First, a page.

The indictment charges that Farnsworth and two named persons conspired with each other and divers other unknown persons wilfully to communicate and transmit to a foreign government, towit, Japan, writings, code books, photographs and plans relating to the national defense with the intent that they should be used to the injury of the United States and to the advantage of Japan contrary to Section 32 of Title 50 of the United States Code, 50 U.S.C.A. § 32; and to effect the object of the conspiracy did certain stated acts. We see no fatal lack of substance in the allegations of the indictment. Its sufficiency is not usually to be tested on habeas corpus, but by demurrer, as was done in this case. Knewel v. Egan, 268 U.S. 442, 448, 45 S.Ct. 522, 525, 69 L.Ed. 1036; Aderhold v. Hugart, 5 Cir., 67 F.2d 247. The bill of particulars sought was granted.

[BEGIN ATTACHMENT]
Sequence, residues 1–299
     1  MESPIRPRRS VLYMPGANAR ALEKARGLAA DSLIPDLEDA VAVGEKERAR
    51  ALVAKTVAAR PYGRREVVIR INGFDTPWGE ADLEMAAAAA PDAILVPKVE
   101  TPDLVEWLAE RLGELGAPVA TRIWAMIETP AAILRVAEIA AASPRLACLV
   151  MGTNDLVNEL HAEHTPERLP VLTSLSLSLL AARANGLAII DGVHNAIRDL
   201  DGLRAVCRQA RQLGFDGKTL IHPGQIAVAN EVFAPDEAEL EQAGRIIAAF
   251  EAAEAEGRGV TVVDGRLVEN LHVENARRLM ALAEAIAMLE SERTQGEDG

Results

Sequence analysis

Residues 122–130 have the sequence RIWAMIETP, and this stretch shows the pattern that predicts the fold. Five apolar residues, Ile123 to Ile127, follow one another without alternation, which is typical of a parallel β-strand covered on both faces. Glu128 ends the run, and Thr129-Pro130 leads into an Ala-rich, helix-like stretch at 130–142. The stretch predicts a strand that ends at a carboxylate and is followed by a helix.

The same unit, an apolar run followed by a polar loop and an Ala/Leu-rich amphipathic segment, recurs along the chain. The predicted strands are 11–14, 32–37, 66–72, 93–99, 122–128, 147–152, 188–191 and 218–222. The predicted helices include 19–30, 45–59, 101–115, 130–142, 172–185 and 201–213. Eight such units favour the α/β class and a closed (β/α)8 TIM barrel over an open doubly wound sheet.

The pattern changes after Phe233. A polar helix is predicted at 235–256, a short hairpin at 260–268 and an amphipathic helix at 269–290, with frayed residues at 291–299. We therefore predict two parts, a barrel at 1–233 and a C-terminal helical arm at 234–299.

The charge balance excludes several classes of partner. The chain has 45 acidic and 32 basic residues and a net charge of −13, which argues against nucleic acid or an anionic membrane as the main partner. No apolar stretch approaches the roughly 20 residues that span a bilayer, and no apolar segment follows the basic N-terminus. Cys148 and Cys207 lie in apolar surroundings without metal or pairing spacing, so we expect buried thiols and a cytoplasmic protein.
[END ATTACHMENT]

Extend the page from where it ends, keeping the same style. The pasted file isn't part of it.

The punishment for such a conspiracy is specially fixed by Section 34 of Title 50 of the Code, 50 U.S.C.A. § 34, and is made the same as fixed in Section 32 for the doing of the act which is the object of the conspiracy. Conspiracies to violate portions of the Chapter other than Sections 32 and 33 are declared punishable as provided by Section 88 of Title 18 U.S.C.A. It is too plain for argument that the last cited Section, whose maximum imprisonment penalty is two years, has nothing to do with a conspiracy to violate Section 32 of Title 50 U.S.C.A. The last named fixes a maximum of twenty years' imprisonment for doing what Farnsworth was charged with conspiring to do. His sentence was within this maximum.